Former Washington Football Team Employees to Share Sexual Harassment Allegations with House Committee


Former Washington football team employees will share their allegations of sexual harassment and verbal abuse with members of the House Oversight and Reform Committee on Feb. 3 in what’s called a “roundtable.” , the committee announced Thursday morning.

Former employees considering participating include Emily Applegate, the team’s former marketing coordinator and ticket sales representative; Melanie Coburn, former cheerleader and former chief marketing officer; Rachel Engleson, a former intern turned director of marketing and customer relations; Ana Nunez, former Business Development and Client Services Coordinator; and Brad Baker, a former video production manager.

“Our clients look forward to sharing their experiences directly with the committee,” Lisa Banks and Debra Katz, who represent 40 former Washington employees, said in a statement. “Critical questions must be asked and answered about WFT’s pervasive culture of sexual harassment and retaliation, and the NFL’s decision to allow owner Daniel Snyder to consolidate his power and ownership interest rather than take appropriate disciplinary action against him.”

The chair of the committee, Rep. Carol Maloney, DN.Y., will lead the roundtable and provide any committee members who wish to participate with the opportunity to question former employees.

“For more than twenty years, employees of the Washington Football Team have been victims of sexual harassment, verbal abuse and other misconduct,” Maloney said in a statement. “It is becoming increasingly clear that not only has the team failed to protect employees, but the NFL has gone to great lengths to prevent the truth about this toxic work environment from coming to light. The NFL’s decision to cover up this abuse raises serious questions about its commitment to establishing workplace standards that keep employees safe.I commend these victims for their bravery in coming forward to share their stories.

Representative James Comer of Kentucky, the ranking Republican on the committee, told ESPN in a statement that the roundtable was a “misuse of the resources of this committee” by Democrats.

Although the meeting will be held in a traditional courtroom and streamed live via YouTube and on the committee’s website, attendees will not be sworn in, according to a spokesperson for the committee. She confirmed that no one currently with the team or the NFL has been asked to participate.

In a statement to ESPN, NFL spokesman Brian McCarthy said, “We continue to cooperate with the committee. Out of respect for the ongoing process and the committee, we will decline further comment.”

The roundtable is scheduled for the day after the Washington football team announces its new name.

Democrats on the committee told ESPN they are pursuing the investigation as a case study to inform potential legislative solutions that could protect employees who experience sexual harassment and discrimination in the workplace. They told ESPN in October that they wanted to make sure the NFL wasn’t covering up the information by using nondisclosure agreements signed by former Washington employees.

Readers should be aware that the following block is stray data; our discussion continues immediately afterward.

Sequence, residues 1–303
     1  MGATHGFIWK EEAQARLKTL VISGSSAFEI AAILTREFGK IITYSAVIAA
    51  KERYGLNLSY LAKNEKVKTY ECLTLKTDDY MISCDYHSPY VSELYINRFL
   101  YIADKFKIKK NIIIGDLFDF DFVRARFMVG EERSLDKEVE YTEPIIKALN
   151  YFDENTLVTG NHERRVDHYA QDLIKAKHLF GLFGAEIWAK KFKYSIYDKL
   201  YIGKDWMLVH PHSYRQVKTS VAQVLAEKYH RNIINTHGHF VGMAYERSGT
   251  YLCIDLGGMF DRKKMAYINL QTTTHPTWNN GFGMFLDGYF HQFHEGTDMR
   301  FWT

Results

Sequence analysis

On July 1, the NFL announced it had fined Washington $10 million for creating a toxic workplace – the result of an investigation after a series of articles in the Washington Post detailing the allegations of sexual harassment.

Congress sent a letter to the NFL in October requesting information after emails obtained in that investigation leaked to the media, prompting the resignation of Las Vegas Raiders coach Jon Gruden.

Gruden’s emails, sent over a period of seven years to then Washington President Bruce Allen, included racist, anti-gay and misogynistic language. They also led to new calls for the NFL to release the findings of the Washington Football Team’s independent workplace investigation.

In its five-page letter to the NFL, the congressional committee requested a list of documents and answers to questions, including: the league‘s role in Beth Wilkinson’s investigation into workplace culture Washington football team; why there was no written report after 150 people were interviewed; and what role NFL General Counsel Jeff Pash played during the investigation after his close relationship with Allen was revealed in multiple emails.

The NFL told ESPN in November that it was cooperating with the investigation and continuing to provide requested documents.

Allen was fired after the 2019 season. Other members of the organization who had been accused of sexual harassment or contributing to a toxic workplace were either fired or retired.

Some Democrats on the Oversight Committee have indicated an interest in Snyder’s role in his organization’s overall workplace culture.

The roundtable, they told ESPN, is a continuing step in the committee’s investigation, not the end of the investigation.

“Our investigation will continue until the perpetrators of sexual harassment are held accountable,” Rep. Raja Krishnamoorthi, D-Ill., said in a statement. “No one deserves to be harassed or abused at work, and this committee will do everything in its power to protect employees at WFT and beyond.”


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